By Lynn Langley.
John Bagnasco absolutely loves roses. He has travelled extensively in pursuit of this passion, visiting many of world’s great rose gardens. He is also one of the hosts of the weekly radio show Garden America, airing on Saturday mornings at 8 a.m. on KPRZ 1210 AM. At our March meeting, John discussed his efforts to “save the rose” by preserving rose genetics for future generations.
Roses have long been an important part of American horticulture. George Washington grew roses, naming one after his mother, Mary Washington. Ronald Reagan proclaimed the rose the national floral emblem of the United States on November 20, 1986. Roses were not only available from local nurseries, but also through a large group of mailorder companies offering a bewildering number of rose varieties. Unfortunately, this has changed over recent years. A majority of the mail-order firms have gone out of business. Rose varieties are disappearing as availability has decreased. Many varieties now only exist in a single rose garden and are in danger of becoming extinct.
John has joined in the efforts of other rosarians to try to protect these roses. He says it is important to get cuttings of rare roses into nurseries and people’s gardens. For example, John spoke about one particular garden in Italy. Begun in 1967 by Professor Gianfranco Fineschi on his family’s estate in Tuscany, the Fineschi Rose Garden (Roseto Botanico ‘Carla Fineschi’ Cavriglia) eventually grew to be the world’s largest private rose garden with nearly 7000 distinct varieties of roses, 300 of which were the last in the world. Beginning in the 1970s, Fineschi established a relationship with the director of the Europa-Rosarium Sangerhausen in East Germany. In an effort to safeguard against climate and other threats to the survival of the roses in both gardens, Sangerhausen and Fineschi exchanged specimens over the years.
In later years, attempts were made to further spread the Fineschi cache of rose specimens for preservation purposes, including an effort to acquire cuttings in Los Angeles. Because roses can’t be shipped directly to the United States from Italy, 150 cuttings were first shipped from Denmark and then to Los Angeles. Sadly, the cuttings were mislabeled on their way to Los Angeles, and by the time they arrived at their destination, only ten of the cuttings had survived.
In the United States, there are several rose gardens of note. John mentioned the Wyck Rose Garden in Philadelphia, planted in the 1820s, which is the oldest rose garden in the United States that has retained its original plan. It contains the rose ‘Lafayette’, the only one of its kind and reputed to have been planted in honor of the Marquis of Lafayette’s visit to Wyck in 1825. John also mentioned Columbus Park of Roses in Ohio (once home to the American Rose Society), the San Jose Heritage Rose Garden, and Descanso Gardens in La Cañada Flintridge. During renovations in the early 1990s, Descanso Gardens planned to discard many aging and diseased Japanese roses. Given that (as with Italian roses) Japanese roses cannot be shipped to the United States, it was fortunate that volunteers were allowed to take cuttings from the Japanese roses and many of these are currently in private collections.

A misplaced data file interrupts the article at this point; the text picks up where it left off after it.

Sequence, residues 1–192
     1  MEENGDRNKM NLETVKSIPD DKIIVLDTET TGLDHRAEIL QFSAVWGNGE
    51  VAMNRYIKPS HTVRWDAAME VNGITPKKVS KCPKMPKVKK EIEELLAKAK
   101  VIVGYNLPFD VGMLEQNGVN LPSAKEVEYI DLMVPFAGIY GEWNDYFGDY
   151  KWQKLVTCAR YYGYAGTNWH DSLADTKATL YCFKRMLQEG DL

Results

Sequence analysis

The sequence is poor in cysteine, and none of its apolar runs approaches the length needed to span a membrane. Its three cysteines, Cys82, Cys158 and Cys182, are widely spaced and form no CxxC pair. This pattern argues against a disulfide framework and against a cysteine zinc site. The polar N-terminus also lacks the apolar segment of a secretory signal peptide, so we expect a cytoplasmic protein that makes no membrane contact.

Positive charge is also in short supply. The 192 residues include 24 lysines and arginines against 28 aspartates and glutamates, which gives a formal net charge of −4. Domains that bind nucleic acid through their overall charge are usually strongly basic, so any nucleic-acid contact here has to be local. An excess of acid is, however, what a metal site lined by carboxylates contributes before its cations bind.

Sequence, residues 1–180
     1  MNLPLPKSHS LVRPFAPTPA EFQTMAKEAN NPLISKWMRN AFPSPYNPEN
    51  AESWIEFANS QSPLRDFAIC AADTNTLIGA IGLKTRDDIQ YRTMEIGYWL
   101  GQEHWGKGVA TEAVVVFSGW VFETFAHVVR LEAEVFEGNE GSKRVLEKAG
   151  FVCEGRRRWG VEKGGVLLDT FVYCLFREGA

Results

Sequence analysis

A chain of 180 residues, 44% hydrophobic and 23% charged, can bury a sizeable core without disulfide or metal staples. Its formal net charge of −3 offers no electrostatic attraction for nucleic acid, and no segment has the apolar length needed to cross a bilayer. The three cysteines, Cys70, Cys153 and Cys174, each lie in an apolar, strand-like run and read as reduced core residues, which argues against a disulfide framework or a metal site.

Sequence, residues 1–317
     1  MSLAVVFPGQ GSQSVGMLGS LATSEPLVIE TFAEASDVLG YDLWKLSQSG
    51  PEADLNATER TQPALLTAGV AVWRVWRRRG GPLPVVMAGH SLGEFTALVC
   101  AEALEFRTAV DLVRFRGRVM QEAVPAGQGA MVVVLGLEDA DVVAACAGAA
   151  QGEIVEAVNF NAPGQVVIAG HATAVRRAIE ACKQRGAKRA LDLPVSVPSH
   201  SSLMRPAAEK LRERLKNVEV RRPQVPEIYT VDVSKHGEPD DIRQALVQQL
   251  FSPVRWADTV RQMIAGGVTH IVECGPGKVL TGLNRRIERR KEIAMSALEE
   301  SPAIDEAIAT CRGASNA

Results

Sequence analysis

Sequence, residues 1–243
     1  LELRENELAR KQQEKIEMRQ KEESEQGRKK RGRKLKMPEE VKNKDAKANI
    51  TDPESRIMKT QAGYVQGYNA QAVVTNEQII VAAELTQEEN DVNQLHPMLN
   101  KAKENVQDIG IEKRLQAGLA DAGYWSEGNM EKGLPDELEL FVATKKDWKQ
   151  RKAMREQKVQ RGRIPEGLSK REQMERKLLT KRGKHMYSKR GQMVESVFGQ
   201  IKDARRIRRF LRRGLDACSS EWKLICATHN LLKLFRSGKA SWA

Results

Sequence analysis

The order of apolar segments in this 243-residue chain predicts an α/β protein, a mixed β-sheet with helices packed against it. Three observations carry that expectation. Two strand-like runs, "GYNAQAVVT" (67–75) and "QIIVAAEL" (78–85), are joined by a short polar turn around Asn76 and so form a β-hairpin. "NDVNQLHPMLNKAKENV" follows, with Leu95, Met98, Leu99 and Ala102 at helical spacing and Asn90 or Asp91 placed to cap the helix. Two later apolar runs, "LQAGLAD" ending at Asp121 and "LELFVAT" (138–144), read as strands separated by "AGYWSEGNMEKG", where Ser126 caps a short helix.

Internationally, several gardens work to ensure the preservation of rose diversity. Two of these gardens are the Roseraie du Val-de-Marne outside Paris containing roses from the early 1900s and the aforementioned Europa-Rosarium Sangerhausen, currently the world’s largest rose garden with 9000 varieties.
Another source of rose diversity is amateur breeders. They are creating an incredible variety of beautiful roses, but, because these often are not registered and put into production, they disappear. John mentioned several people he calls rose rescuers who are actively working to preserve rose genetics. He also shared a list of eight companies currently selling roses in the United States. The California Coastal Rose Society, where John is currently president, has a rare rose auction in Carlsbad every year. He encouraged people to help CCRS continue their important work of preserving rose genetics by donating or becoming a member (californiacoastalrose.com).
Many thanks to John for sharing his insights and for his efforts to preserve rose genetics. Also, thank you to our raffle donors, Ausachica Nursery and Multiflora Enterprises, and to member Ray Brooks for sharing the beautiful bowl he created.